Friday, January 21, 2011
For years, the PCI Data Security Standards have loomed over retail stores, banks, financial institutions and any business that performs monetary transactions. The standards set forth regulatory compliance rules that must be followed to ensure safe transmission, processing and storage of payment-card data.
Recently, Cisco Systems completed a survey that found businesses are increasingly appreciating the advantages of striving for PCI compliance, and are investing heavily to upgrade their data centers to prepare for audits.
Overall, the survey found 85 percent of respondents are confident their current networking and data center establishments would be capable of passing a PCI audit if it took place immediately. Furthermore, 70 percent said they are more secure now than they would be if the PCI DSS did not exist. To achieve PCI compliance, the survey found 60 percent of respondents spent between $100,000 and $1 million in the past five years.
The retail and financial services industries are most confident in their PCI readiness, the survey found, as 92 percent of respondents from both industries said they would pass a PCI DSS audit. Conversely, government-related organizations struggled, with 17 percent of respondents saying they would fail an audit. Some of this confidence may stem from the report's conclusion that retail and finance respondents felt the most prepared for the newly active PCI DSS 2.0.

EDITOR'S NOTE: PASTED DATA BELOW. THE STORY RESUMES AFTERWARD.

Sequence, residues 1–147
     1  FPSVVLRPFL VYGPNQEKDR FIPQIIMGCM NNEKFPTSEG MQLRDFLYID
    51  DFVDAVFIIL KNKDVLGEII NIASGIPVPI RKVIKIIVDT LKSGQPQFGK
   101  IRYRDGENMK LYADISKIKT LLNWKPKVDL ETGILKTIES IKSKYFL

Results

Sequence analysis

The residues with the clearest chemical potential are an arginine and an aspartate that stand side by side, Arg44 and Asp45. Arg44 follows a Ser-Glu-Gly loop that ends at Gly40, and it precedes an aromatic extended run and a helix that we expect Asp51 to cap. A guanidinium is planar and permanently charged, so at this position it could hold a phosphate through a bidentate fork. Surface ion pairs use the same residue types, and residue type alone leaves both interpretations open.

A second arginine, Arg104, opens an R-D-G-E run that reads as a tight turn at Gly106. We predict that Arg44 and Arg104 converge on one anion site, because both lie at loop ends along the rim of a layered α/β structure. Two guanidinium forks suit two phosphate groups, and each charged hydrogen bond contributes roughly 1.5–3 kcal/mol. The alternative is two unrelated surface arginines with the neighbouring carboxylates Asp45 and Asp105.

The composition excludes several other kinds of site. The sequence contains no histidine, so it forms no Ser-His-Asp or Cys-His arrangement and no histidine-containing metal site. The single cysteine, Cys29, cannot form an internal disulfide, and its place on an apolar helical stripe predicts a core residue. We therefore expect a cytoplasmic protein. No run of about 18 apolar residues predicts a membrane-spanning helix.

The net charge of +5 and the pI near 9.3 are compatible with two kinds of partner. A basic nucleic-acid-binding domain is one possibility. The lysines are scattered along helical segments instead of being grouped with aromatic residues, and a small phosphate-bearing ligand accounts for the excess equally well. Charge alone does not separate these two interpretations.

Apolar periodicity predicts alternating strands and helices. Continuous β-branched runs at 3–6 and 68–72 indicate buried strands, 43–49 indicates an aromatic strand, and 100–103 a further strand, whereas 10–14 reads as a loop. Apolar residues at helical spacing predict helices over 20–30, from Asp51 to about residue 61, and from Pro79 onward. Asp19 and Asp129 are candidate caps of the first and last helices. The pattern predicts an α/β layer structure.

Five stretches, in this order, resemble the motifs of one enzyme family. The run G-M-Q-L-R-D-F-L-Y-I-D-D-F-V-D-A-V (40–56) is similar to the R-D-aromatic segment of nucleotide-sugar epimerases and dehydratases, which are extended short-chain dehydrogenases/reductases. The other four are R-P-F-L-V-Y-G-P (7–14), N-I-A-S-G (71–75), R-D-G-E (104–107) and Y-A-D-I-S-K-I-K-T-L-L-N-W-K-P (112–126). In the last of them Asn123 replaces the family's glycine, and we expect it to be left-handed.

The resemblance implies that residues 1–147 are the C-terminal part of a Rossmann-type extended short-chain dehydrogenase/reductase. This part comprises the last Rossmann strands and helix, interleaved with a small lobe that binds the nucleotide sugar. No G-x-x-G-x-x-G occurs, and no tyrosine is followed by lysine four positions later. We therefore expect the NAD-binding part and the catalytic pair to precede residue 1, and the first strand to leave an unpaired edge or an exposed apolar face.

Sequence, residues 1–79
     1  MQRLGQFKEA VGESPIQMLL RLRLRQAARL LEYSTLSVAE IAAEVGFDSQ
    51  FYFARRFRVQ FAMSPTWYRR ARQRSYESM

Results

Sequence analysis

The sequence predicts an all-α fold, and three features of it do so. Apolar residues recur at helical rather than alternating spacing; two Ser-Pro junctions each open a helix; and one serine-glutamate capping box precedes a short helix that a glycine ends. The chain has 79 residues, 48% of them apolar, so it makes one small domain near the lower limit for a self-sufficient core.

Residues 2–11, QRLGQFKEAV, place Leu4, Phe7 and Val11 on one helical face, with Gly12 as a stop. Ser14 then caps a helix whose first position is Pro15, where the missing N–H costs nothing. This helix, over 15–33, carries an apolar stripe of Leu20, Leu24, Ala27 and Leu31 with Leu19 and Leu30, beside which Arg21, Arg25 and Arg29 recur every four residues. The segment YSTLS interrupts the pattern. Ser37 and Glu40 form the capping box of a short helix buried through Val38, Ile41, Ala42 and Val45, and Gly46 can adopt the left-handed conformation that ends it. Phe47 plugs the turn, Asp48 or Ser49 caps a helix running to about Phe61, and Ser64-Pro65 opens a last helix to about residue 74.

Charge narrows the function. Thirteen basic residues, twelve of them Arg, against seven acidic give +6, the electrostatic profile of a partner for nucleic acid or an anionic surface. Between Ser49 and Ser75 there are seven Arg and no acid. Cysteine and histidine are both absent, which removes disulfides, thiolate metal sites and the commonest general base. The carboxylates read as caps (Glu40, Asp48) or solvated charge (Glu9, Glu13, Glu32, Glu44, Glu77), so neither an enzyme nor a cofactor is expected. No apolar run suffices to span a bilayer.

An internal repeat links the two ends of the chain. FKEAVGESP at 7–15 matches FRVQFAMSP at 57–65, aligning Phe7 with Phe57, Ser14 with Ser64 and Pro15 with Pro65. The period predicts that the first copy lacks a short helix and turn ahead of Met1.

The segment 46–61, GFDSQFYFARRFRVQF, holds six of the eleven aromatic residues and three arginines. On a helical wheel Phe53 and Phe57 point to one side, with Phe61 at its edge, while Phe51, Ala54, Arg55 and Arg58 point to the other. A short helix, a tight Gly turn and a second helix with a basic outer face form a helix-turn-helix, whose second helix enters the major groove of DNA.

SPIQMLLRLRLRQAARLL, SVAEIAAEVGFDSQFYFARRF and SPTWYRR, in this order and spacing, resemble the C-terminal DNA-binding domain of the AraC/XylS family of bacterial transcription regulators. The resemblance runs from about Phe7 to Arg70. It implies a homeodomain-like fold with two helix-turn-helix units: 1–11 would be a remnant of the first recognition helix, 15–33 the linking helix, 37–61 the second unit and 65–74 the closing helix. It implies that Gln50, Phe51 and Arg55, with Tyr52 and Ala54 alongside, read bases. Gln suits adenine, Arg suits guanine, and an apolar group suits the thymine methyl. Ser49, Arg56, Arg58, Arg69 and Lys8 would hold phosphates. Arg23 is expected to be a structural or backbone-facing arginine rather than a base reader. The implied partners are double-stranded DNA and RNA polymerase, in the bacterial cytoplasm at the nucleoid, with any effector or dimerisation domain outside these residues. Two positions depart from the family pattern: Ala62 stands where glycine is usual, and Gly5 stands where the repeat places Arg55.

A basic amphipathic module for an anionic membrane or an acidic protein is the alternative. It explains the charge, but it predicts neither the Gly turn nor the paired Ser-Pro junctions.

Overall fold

Overall, 57 percent of IT decision-makers surveyed said they are confident in their virtual server systems being up to par with PCI standards. Furthermore, 70 percent of financial organizations said their virtual servers are ready for a PCI audit. However, 36 percent of respondents did say that improvements to firewalls, IPS systems and other security applications are necessary to adapt to the growing trend toward virtualization.
The new PCI DSS 2.0 debuted last fall, and became active with the start of 2011. The standards' primary revisions have to do with addressing the increasing use of virtualization technology in data centers containing payment card information, something that was not addressed in previous standards, making it unclear if PCI-related data center could virtualize.
Essentially, the new standard said virtualization is acceptable, but only under specific conditions. Each virtual machine has to be clearly separate and distinct from other VMs on the same physical server. Furthermore, the image that acts as the base of the virtual machine must be strictly compliant to all PCI DSS standards.